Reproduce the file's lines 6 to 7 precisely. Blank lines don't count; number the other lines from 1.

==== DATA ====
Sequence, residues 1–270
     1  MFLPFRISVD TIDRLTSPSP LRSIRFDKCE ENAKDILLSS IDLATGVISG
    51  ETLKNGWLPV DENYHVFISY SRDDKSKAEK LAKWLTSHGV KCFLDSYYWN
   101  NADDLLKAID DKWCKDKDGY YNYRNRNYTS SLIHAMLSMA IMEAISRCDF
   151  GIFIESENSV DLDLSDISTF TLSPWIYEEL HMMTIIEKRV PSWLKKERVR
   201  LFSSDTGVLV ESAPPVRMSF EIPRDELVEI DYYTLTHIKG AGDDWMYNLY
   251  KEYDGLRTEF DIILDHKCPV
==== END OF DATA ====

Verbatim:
   201  LFSSDTGVLV ESAPPVRMSF EIPRDELVEI DYYTLTHIKG AGDDWMYNLY
   251  KEYDGLRTEF DIILDHKCPV